by Catt Kingsgrave
I'll have this known at the start — I gave that girl my name. Oh yes, and roll your eyes, but truly; Nimmy nimmy nott? Think ye the Sidhe, who've sung the ages down, Charmed queens, nuns and virgins to summerhill maying, Led knights and kings in circles lifetimes long, Coaxed battlements from rosebriars, truth from false men's tongues, And honeyed gold from bristling flax can rhyme no better? Know this, Mayfly; my kind are not as yours For deceive we may, and without regret, But never do we lie. It is a point of fighting pride with us, you see, And we have shed our ageless blood like pearls in black loam For merely the shadow Of untruth between great hills. Now roll your eyes and call me liar again? Ah, no. And wisely done. I gave my name away that day, And too, the bargain I'd come to regret, Glib-lipped and cocksure; lured in by her honeysuckle tears Pearl pale and sweet with despair in her tiny dungeon boudoir. I had wished so to taste of them, and dip My tongue into the wellspring of her mortal heart. To know her, From suspicion to sorrow, Hope to horror, Delight to despair and back again. Well, that much I did in one moon's time, I warrant, But she did not come to love me. Oh, perhaps a little at first, with gleaming gold piled up To ward her from the headsman's steel. She did weep for me then, a little, and her grateful tears Were silk and diamond and lily petals in the dawning... But though I had bought her a day with my night's toil She took three tries at me straight away. And so I knew it was not love. Not John. Not Hob. Not Nicodemos. And not Love. Not just yet, perhaps, but only let her see Her Prince's eyes agleam upon her morning ransom; Adoring avarice, pretty words and breakfast And a nice bed for the day, And how He spared but one hand to lead her away, The other busy with her skeins of gold. My gold. My courting gift. Oh yes, Just let my girl be led back below when nightfall came, Locked in, her sentence just the same, and Faithful only me, I come — Come once again to save her. Surely she would learn to love me then. But no. Not Harald. Not Timothy. Not Abraxas. "Woman, I will take you away," I told her upon another night, for I'd a place in mind Where girls' bright hours waste not away In airless dungeon rooms, and their evenings sing With fireflies and briar wine, not wheels and spindling greed And if they live but briefly to our ageless span? Oh but their days are bright. Her eyes lit to my promise by grudging candle's glow, Welled tears more fine than cats' dreams or spider's wishes. She bit her lip, was silent, And I hoped, Nearly hoped she understood. But then she named me James, Roger, and Magnicus, While with her eyes cried, "Terror." Then I laughed, because my kind do not weep, Gave her skeins of gold, and fled the bitter day. In the man — her captor, prince and husband — I found no rival. What could he know, palace born, Of a girl who'd run in barefoot fields, And scratched her shins on blackberry castles For love of their sweet black gore? And what could such a wild girl know Of pantomime pageants and ballroom show While footings rot beneath and the roof caves in above, And how very much fine horses need to eat? He would make of her chattel, Whereas I would make her free as lightning fire On a dry autumn hill. Let her only once refuse to guess, Let her but one morning keep her silence in trade for my gold, And no iron bonds could keep her in. But night on night the moon ate herself to blackness And dawn upon dawn, my girl starved herself Despite my offered feast. Not Hector. Not Michael. Not Cobweb. And so, in measured weeks I came to learn her truth And could but mourn to know it true; My girl of the fair, sweet tears and briar-tangled feet Could never love me. She was a creature made of fear, suckled to it Fed upon it, wed unto it Till love itself struck terror in her breast. Oh yes, the love of the Sidhe is fearsome, Wild, fierce, magnificent as a storm, And fearful souls have learned to crave it before, but she, My bruised cavern rose, my weeping willow, Was bent and broken to the fear; trained to it, tamed to it As a wild hawk hooded, Eye-stitched into darkness till dreams of heaven fade, And she thinks herself but a pretty toy Upon a Prince's glove; Freedom bespoke her in fear's voice, Wrung name after name from strawberry lips unthinking. Caesar, Gwyll, Nefarion, Hobarth, Seamus, Absalom, Every word for terror she had ever learned. When the moon swelled thick again, She was making names up, mashing syllables together And hoping they'd stick, Her tears steel sharp and rank with desperation. And however oft I might repeat my vow, She would always, always speak her night's guesses With fear trembling sour behind her milk-sweet breath. It was not that I did not want the girl, For she was still as starving-fair as ice in summer's heat, And I longed to see her fingers stained and sweet once more; Only I realized, by the light of the late moon's widening grin, That I was growing tired. Only think, for a moment, Mayfly; How weary to be always terrible! T'is dilligent work — the flash of teeth, the predatory glare, The thorny claws a'swinging one's tail just so. Exhausting. I could not keep it up for even a pretty Mortal's span, No matter her fate awaiting should our bargain fall her way. Oh yes, even the Wildings of the Hill know what doom befalls The rich-cream cow when she comes dry to milking. I knew a day must come when her Spendthrift Prince Would take hold of her udder only to find he must go thirsty. And sorrowing, snickering, I could scent her fear-to-be, Brought full to bitter fruit. But her tear spinning had grown stale as salt to me, They streaked her cheeks like Bible ink, devoid of pearly shine As she guessed me shriller and shriller. Parksinon, Blix, Filibilocks. "Woman, I will take you away," One final offer, straw bales tottering behind me Beneath the hag's eye moon. I did not give her time to speak, or to weep, Or to beg for that which she had refused already, But set about my mercy with a will. Chambermaids are curious creatures, did you know? This is why oft, we pinch them for it. But peeking eyes and spying ears have their uses, And a lilting inanity sung out of place — A hollow tree, a chalk hole-hill, or the upstairs linens cupboard — Why naught will draw a spying maid the quicker. A simple song it was, such as a serving girl could learn To sing without error in her Mistress' ear. Out of a month's tedious golden whirl, That grinding tune was worst; To sing my name, the key to lock my girl's prison tight, Couched in such pounding drivel, why No hero of the Danaan strove the harder to endure! I confess, I might have laughed Just a little, from the stress. That night, when I my teind delivered, She met me in her prison; My pearl girl, my petal, Her blackberry fingers neat and folded in her lap, Her bracken eyes smug with her doom. "And have you guessed my name?" I asked her, Wondering if her pride could bear To lose our wager, and win the greater prize... Well. That answer, of course, is well enough known; Not Solomon. Not Zebedee. Not free to run In summer's gloaming all her days and dance In bramble bowers beyond the reach Of greedy Princes, foolish mothers, pointless, perilous tests, ah me What fools these Mayflies be To snatch the Ever After, leaving Happily behind. And so we come unto it, friend; The reason for my tale you surely guess For I see the ghosts of brambles upon your booted feet And stolen cherry summers on your lips, And in this close prison room Your moth-silk tears gleam like silver to me, And happen I could love you. A bit, perhaps, I do already. So let us make our wager plain, My apple-bright, my midsummer's morn; I will take on your impossible task, Be it spun, plowed, sorted, slain, sewn, Retrieved from dragon's hoard or muddy well, And I will give to you the seeming of success my dear, only Only if in one moon's turn You do not guess my name, Then I swear it, human child, I will take you away.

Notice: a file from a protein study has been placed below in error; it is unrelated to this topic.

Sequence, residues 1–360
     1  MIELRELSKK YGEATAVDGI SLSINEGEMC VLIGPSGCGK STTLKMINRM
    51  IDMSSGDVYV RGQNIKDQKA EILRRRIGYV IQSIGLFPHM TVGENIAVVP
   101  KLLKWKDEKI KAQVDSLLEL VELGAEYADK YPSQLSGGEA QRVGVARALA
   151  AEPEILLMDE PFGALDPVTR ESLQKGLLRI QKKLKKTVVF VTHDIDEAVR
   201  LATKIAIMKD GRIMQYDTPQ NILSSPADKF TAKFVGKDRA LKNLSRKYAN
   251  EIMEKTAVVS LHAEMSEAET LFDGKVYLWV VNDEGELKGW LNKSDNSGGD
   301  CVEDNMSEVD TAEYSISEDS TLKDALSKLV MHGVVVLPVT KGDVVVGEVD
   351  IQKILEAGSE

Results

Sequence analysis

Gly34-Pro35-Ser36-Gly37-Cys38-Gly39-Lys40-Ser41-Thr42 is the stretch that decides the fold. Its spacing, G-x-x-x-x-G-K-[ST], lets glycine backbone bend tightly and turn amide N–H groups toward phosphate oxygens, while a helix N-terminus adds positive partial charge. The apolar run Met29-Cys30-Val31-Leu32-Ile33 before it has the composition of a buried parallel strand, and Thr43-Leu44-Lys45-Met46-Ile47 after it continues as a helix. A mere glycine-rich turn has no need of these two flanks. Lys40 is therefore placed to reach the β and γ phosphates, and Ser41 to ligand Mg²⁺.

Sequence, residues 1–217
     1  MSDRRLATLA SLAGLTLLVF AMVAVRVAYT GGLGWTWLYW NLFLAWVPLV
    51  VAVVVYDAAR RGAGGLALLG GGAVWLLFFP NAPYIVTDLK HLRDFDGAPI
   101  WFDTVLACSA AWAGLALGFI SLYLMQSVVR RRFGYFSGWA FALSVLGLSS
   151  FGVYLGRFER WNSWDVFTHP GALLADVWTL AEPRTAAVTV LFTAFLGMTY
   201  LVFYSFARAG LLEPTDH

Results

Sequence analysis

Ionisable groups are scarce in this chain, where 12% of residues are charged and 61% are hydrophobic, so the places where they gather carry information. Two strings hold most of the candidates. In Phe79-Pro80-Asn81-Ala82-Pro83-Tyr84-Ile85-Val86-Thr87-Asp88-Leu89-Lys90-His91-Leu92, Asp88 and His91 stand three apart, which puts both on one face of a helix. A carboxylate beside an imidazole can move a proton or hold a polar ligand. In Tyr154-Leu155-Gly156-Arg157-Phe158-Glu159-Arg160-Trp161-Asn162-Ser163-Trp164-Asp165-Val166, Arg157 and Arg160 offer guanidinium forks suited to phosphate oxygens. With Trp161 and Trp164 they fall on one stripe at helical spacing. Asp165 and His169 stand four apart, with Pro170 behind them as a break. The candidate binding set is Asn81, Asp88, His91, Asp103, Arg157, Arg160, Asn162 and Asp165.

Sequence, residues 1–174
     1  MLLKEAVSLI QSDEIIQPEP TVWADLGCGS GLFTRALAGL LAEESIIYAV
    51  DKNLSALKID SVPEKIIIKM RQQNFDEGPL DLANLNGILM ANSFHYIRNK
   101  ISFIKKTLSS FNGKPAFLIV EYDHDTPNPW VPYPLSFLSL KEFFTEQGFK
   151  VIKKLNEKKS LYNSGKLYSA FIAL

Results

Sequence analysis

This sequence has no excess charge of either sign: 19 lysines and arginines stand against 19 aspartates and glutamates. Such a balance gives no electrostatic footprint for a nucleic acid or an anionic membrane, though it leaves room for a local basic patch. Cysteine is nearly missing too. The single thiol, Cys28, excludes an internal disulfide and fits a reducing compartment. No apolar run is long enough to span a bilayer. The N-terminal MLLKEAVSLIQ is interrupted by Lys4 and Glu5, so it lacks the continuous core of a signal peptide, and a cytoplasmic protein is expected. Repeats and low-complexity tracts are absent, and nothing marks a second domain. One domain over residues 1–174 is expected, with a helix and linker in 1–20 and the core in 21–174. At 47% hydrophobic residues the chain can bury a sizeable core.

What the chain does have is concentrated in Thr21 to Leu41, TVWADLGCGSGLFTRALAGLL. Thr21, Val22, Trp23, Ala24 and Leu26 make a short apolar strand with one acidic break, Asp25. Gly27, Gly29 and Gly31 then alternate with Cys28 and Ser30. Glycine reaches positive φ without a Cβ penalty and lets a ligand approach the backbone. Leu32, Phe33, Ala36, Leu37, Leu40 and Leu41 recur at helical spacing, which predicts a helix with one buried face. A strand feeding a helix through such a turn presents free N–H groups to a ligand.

Catt Kingsgrave is a writer of fiction, poetry, and music in the New York Capital district. She has a tendency to do all things which are artistic and unprofitable, including drawing and painting, costuming, theatre, dance, gardening, rape crisis counseling, and crochet. Her favorite fruit are the Mount Rainier cherries which grow on the tree outside her office window, but to which the squirrels generally get before she can have but one or two. The little bastards.